Best I Faced: Tony Tucker
Tony Tucker holds the ignominious record of shortest heavyweight title reign at just 64 days. However, he still enjoyed a very good career as a top-10 contender in the late-80s and early-90s.
Tucker was born on December 27, 1958 in Grand Rapids, Michigan. He was the oldest child of three and the son of former amateur boxer Bob Tucker, who trained Floyd Mayweather Sr. and was a close friend of Roger.
“Michigan was a beautiful place to live,” Tucker told The Ring. “I didn’t grow up in the ghetto. I grew up middle class; both my parents had good jobs. My dad worked for [furniture manufacturers] Steelcase; my mom worked for Walter Hagen Golf apparel.
“I boxed because my dad was a boxer and I was a daddy’s boy – it was a connection with my dad. I would never have been a boxer; I didn’t care for boxing, I was a better baseball player and football player.”
Tucker graduated from high school while enjoying a very successful amateur career as a light heavyweight. He won gold at the Pan-Am games and World Cup in 1979 and had very real aspirations of representing his country at Olympics before losing in the trials.
However, then-U.S. President Jimmy Carter declared a boycott of the 1980 Moscow games – due to Russia’s invasion of Afghanistan – so the U.S team elected to fight a series of exhibitions in Europe. Tucker had been scheduled to travel to Poland but was injured the day before the flight and stayed at home. Tragically, the plane crashed, killing all 87 people on board.
“There were two disappointments that year,” Tucker said solemnly. “To find out we weren’t having no Olympics and when all the American boxers got killed. One of the guys who was on the plane, Lemuel Steeples, was a best friend of mine.”
After compiling an amateur record of 115-6, Tucker made his professional debut at heavyweight in November 1980 and scored a third-round knockout over Chuck Gardner.
Tucker was guided by his father, but his progression was slow and he was hampered by a knee injury that kept him out of the sport for 15 months. With the team struggling financially, his father sought investment from boxing notables such as Cedric Kushner, Jeff Levine and Josephine Abercrombie.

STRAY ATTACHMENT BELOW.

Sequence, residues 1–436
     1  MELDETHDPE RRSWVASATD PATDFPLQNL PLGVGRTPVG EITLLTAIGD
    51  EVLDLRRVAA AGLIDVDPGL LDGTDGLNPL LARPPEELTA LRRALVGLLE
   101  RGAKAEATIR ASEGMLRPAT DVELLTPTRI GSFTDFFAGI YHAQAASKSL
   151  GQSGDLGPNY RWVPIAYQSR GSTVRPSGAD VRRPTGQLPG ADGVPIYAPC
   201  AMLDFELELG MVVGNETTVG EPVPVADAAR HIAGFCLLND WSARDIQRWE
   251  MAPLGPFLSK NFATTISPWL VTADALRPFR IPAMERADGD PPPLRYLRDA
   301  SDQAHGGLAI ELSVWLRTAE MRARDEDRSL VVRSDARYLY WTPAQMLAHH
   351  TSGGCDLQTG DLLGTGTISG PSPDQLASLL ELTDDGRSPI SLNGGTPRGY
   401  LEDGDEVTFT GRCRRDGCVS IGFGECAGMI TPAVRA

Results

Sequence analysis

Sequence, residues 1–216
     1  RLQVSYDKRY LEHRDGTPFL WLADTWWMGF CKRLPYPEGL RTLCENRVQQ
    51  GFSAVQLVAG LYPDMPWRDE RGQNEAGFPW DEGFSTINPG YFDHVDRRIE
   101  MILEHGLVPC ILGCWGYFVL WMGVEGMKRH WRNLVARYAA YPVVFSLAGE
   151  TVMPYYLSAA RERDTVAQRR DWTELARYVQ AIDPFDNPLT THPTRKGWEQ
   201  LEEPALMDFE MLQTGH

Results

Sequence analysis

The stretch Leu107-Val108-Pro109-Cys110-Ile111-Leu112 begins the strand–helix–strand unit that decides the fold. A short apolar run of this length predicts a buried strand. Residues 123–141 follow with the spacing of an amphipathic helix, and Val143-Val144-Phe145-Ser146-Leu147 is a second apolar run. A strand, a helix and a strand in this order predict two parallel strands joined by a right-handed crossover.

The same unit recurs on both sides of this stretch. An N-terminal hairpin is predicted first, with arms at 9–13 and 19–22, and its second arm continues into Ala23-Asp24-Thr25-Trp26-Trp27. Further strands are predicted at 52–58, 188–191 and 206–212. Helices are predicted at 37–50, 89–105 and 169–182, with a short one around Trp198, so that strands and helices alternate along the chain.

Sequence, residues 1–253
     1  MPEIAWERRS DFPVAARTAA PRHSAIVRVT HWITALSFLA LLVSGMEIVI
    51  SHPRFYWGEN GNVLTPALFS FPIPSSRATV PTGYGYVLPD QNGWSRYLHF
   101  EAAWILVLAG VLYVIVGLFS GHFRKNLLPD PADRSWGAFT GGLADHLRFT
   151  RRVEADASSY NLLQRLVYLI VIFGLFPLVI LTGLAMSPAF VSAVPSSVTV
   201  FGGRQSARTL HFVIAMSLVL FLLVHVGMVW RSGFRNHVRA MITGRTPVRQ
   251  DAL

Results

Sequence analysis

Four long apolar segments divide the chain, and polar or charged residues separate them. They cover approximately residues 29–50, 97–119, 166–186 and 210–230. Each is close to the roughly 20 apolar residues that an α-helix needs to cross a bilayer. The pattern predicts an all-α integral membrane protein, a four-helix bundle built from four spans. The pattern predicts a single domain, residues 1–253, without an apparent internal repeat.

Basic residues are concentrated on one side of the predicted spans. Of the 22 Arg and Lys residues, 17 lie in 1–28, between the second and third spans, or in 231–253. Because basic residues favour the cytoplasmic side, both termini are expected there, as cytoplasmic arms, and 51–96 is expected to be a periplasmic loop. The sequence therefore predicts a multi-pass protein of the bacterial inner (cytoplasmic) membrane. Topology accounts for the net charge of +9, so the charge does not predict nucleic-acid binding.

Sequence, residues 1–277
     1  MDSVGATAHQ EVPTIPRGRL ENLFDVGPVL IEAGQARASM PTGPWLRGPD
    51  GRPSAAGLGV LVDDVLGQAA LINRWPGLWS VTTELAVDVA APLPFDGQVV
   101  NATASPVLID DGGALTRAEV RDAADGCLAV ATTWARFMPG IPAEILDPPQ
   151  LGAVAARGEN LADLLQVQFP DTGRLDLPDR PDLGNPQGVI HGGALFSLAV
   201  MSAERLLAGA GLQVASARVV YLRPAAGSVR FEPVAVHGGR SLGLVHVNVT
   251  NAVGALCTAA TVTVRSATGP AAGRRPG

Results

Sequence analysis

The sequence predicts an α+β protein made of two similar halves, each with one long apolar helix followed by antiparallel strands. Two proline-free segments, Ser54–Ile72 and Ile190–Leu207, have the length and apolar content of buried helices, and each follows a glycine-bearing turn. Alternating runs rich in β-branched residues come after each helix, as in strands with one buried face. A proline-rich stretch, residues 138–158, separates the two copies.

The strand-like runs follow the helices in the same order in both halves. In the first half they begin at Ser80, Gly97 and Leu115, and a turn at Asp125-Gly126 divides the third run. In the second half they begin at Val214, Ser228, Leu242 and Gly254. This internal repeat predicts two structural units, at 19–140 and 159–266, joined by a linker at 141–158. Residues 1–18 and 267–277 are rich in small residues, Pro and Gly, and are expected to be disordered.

Tucker bested former heavyweight title challenger Jimmy Young (UD 10) in September 1984 and, following several more victories, beat James Broad (UD 12) for the vacant USBA title to position himself high in the IBF rankings.
When then IBF-titleholder Michael Spinks refused to defend his title against Tucker, he was stripped. Subsequently, “TNT” was matched against James “Buster” Douglas to fill the vacancy at the outdoor arena at the Las Vegas Hilton in May 1987.
“We knew each other well because we were sparring partners at one time,” said Tucker, who came on strong after a slow start to stop Douglas in the 10th round. “It was funny because his dad trained him like my dad trained me. We both kind of knew what each other had.”
Tucker, famed for his fashionable Jheri curl, didn’t get to enjoy his new status for very long and was quickly matched against WBA/WBA counterpart Mike Tyson in a unification bout in Las Vegas in August 1987.
The self-proclaimed “Invisible Champion” entered the contest in less than stellar condition.
“When I fought Mike, I had one hand, my right hand was broken 10 days before the fight,” recalled Tucker. “When I went to the doctor, he X-rayed it and said, ‘You’ve got a small hair fracture.’ My dad and the doctor went out the back, came back and the doctor said, ‘I looked at it again and I think we can put you in hand therapy. You can’t use your hand for 10 days.’ I’m so focused to get ready for the fight, I’m thinking my hand is going to be alright if I go to this hand therapy, but I’m not using my right hand for 10 days.
“When I finally used it in the fight, I knew it was shot. I hit him and my right hand was broken and I had to do the best I could with one hand. That’s why I did all them antics, shuffling and rolling my arms. I was trying to show Tyson was nothing to me. The world didn’t know my right hand was broke, I’m a right-handed puncher.